St. Regis Schools Superintendent Joe Steele was pleased to announce that this year’s budget came in $178,000 less than originally anticipated. That results in a tax savings for local residents.
“I met with various community members who said that the population is getting older and more are on a fixed income, and so they really can’t afford any more levies and taxes increase. We worked hard to keep those numbers down and we saw an overall decrease as a result,” Steele said.
In April, the school published a “worse-case” scenario with budget projections, which turned out to be less than anticipated. Bus depreciation decreased 2.22 mills from 2.76 mills; the tuition mill that helps to serve special education students went down to 2.7 from 3.10 mills; adult education went down .06 mills, and the building reserve went down 1.62. Overall, last year’s mills were approximately 2.55, and this year they are 2.33 — a decrease of .22 mills.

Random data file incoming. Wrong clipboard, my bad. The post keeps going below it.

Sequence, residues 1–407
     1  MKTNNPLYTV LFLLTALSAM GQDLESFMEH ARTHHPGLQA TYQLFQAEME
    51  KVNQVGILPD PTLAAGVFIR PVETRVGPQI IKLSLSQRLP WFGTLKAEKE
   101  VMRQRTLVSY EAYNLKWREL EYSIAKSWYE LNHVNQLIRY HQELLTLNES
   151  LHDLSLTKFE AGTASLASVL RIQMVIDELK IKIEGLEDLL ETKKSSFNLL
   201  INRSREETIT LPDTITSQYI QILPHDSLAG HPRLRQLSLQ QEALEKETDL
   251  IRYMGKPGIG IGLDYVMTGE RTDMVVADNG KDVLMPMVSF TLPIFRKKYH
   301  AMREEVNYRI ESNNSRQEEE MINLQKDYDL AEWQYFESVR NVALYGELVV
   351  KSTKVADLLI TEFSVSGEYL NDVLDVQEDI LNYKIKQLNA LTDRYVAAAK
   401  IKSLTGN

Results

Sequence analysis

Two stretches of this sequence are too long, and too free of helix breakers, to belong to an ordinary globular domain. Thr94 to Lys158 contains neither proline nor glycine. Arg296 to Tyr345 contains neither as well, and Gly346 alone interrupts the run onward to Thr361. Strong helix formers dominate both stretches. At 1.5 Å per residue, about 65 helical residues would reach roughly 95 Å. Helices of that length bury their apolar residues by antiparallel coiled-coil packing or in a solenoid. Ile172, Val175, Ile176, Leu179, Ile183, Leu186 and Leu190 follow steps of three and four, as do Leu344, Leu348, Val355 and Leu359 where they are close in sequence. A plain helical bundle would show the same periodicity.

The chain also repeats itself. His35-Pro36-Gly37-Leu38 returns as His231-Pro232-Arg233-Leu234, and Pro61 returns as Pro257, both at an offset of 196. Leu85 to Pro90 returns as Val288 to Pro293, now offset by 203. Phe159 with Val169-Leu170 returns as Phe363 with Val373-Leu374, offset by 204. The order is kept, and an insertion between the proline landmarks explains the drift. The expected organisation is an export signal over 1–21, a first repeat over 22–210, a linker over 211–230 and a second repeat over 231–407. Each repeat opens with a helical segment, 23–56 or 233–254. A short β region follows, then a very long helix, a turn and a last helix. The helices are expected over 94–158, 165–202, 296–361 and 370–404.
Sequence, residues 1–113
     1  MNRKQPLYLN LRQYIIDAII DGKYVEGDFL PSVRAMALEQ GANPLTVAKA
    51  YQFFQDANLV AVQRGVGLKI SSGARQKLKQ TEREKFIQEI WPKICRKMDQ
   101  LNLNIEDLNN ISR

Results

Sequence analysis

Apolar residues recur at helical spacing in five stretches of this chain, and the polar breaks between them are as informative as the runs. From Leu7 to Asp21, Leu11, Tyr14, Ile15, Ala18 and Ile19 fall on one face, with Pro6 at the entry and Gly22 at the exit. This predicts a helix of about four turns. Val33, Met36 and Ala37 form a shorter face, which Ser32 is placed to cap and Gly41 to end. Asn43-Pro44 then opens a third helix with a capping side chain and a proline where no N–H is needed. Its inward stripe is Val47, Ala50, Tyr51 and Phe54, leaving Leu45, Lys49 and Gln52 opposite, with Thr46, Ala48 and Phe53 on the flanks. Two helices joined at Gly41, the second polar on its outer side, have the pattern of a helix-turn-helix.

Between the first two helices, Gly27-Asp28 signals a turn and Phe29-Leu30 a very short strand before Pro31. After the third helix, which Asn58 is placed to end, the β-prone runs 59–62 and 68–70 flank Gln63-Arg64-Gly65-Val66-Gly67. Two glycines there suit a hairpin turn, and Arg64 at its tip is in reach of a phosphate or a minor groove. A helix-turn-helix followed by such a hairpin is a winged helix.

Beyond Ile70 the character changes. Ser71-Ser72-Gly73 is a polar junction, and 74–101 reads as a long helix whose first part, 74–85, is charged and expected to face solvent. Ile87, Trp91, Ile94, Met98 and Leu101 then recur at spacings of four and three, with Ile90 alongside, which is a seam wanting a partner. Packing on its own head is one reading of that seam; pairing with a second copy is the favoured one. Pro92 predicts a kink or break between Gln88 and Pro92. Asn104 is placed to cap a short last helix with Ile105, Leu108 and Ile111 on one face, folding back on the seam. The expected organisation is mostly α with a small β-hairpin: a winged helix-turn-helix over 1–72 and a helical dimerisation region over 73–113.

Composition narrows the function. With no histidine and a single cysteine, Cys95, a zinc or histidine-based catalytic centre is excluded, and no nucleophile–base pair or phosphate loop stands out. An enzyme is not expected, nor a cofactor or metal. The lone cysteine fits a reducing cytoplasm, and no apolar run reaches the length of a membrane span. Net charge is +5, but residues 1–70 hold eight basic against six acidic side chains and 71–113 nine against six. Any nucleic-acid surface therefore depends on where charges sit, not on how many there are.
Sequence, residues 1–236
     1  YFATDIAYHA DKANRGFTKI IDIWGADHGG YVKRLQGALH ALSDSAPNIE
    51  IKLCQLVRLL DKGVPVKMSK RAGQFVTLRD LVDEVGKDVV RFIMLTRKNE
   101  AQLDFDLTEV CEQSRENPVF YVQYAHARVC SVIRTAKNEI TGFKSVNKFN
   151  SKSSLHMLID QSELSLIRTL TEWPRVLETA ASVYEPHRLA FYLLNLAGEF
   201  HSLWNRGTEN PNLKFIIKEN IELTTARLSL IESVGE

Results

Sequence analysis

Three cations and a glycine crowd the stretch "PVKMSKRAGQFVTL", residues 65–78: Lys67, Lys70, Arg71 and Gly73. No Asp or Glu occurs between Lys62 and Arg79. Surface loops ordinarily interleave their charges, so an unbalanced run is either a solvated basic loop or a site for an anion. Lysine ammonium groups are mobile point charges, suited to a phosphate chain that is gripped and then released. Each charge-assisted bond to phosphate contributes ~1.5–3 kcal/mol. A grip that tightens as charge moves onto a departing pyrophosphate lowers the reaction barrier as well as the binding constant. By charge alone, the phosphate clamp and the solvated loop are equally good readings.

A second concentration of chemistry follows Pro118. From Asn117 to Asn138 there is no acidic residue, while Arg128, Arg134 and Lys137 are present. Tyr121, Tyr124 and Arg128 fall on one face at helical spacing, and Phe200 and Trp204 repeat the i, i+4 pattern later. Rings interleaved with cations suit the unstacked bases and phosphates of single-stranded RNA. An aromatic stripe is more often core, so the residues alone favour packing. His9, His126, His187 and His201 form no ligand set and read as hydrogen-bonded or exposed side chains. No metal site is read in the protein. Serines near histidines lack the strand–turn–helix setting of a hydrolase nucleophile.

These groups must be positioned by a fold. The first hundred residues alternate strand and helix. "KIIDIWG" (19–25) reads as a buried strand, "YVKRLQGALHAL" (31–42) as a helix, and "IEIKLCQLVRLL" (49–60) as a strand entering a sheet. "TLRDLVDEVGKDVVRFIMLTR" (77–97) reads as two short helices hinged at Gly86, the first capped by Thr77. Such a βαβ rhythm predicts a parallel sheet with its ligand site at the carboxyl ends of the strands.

“We brought it down quite a bit and this was on top of taxable property values going down, which usually means you need to increase your mills to get the same amount of revenue,” he said. “But we were able to reduce it anyway and keep our budget under control.”
Currently, one big project St. Regis School is undertaking is to repair the roof. Half of the $400,000 project is being paid through building reserve funds. The other half they are hoping to get from a federal grant. “We are trying to find resources that doesn’t put a burden on the taxpayers,” Steele said.
In 2017, the Senate passed Bill 307, which gave school districts the authority to run up to a 10-mill permissive levy in order to raise funds for school expenses. The problem with the bill is that the deadline is March 31 and school districts don’t know how much funding they will receive from the state until the summer. They also don’t have up-to-date taxable property values until early August. This can result in the school board passing a resolution guessing what the permissive levies are going to be and what the taxable values may be.
“We had good money management and rollover money which helped with the decrease,” Steele said. “Luckily, the budget came in well below projections.”